As I listen to the guided meditation, “Finding Ease in the Moment,” Sam shifts in his bed behind me. I feel a surge of anxiety in my body, the cold tingle of fear, the rush of panic, the burning ache in my throat and chest and stomach. I breath in deep and then out, trying my best as instructed to find the “okayness of this moment.”
I had planned to do a bit of gardening this weekend. I’d noticed last week that some of my irises were starting to send out tiny green shoots, and I hadn’t yet cleaned out remnants of last year’s plants. I was going to clear some space, give Spring some room. Then Winter decided to make a comeback, bring snow for the third time this week, even more than we got before. There would be no gardening today.
There are at least two other blog posts insisting on being written right now. One I already started last night, but I “ran out of gas” and left it unpublished. There’s also an ecourse I’m supposed to be developing, a checkbook that needs balanced and laundry that should be put away. I am getting better and better at doing this, leaving things undone when it’s clear that there is something else I hunger for, letting go of the “shoulds,” focusing more on my experience than on my output, lowering the bar, trusting myself.
Last week was rough. I wasn’t sleeping very well, was worried about both dogs, had this awful feeling of not being able to keep those I love safe, of not being safe, and it wore me down. It was a horrible feeling of anxiety and dread, and I was stuck in it. At night, I would wake up if Dexter got up and worry about him, and after a few nights of that and a nervous system that was completely raw, I resorted to sleeping with earplugs, completely surrendering to sleep which I so desperately needed, trusting that Dexter would be okay and knowing that if I didn’t get some rest, I wouldn’t be able to help him if he wasn’t.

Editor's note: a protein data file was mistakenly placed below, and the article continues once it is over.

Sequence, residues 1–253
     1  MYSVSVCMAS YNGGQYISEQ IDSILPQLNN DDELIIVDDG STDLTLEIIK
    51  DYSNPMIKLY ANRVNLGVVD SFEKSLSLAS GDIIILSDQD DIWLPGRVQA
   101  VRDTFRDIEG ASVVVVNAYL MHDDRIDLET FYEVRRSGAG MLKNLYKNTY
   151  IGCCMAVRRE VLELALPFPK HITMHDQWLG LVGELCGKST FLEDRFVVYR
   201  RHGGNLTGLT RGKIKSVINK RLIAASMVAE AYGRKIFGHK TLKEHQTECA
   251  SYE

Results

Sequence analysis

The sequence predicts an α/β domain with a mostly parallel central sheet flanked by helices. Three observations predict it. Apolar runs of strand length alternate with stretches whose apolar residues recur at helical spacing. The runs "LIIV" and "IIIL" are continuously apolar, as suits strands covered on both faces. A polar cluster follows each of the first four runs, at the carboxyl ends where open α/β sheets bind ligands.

Then finally, there came a day when I didn’t feel so rough. I let myself be touched, moved. I was weepy and open. Watching Ben and Leslie’s wedding on Parks and Recreation, I cried during their vows, (they said “I love you, and I like you”). I asked my friend Pam, who gives me super quick “drive by hugs” at work, to give me a right proper hug because I’d had a tough week. I relaxed as I watched Dexter and Sam cuddled next to each other on the dog bed next to me on the floor, each playing with their own toy, eventually falling into a shared nap.
I relaxed the tight ball in my chest that morning, first when my Sam leaned his head into mine and let out a deep sigh, and later in yoga, taking deep breaths, stretching and sinking into each pose. When my friend Mitch said goodbye to me after yoga class, leaned in and play punched my arm, I let myself feel that he loves me, that people can genuinely love each other and that doesn’t have to be weird. All of the anxiety and awfulness of the past week broke me open, left me raw and vulnerable, and because of that I was able to be present.
So today, when some plans got changed due to the weather, I was fine with it. I love the snow here, and today it allowed me to snuggle up, sink in, slow down, relax. It makes everything quiet, fills it with light. I knew that what I most needed was to read some Pema Chödrön, specifically her new book Living Beautifully with Uncertainty and Change. Clearly, I wasn’t wrong about this book, her gentle wisdom was exactly what I needed right now.
My word for this year is Freedom. It is a quality, an experience that I am trying to cultivate in my life. This past week, when I was stuck in a spiral of anxiety and despair, I was not free. I wish for suffering to ease, in myself and in the world, and for love to grow in its place, but instead I trapped myself in my own confusion and grief. In Pema’s book, she says,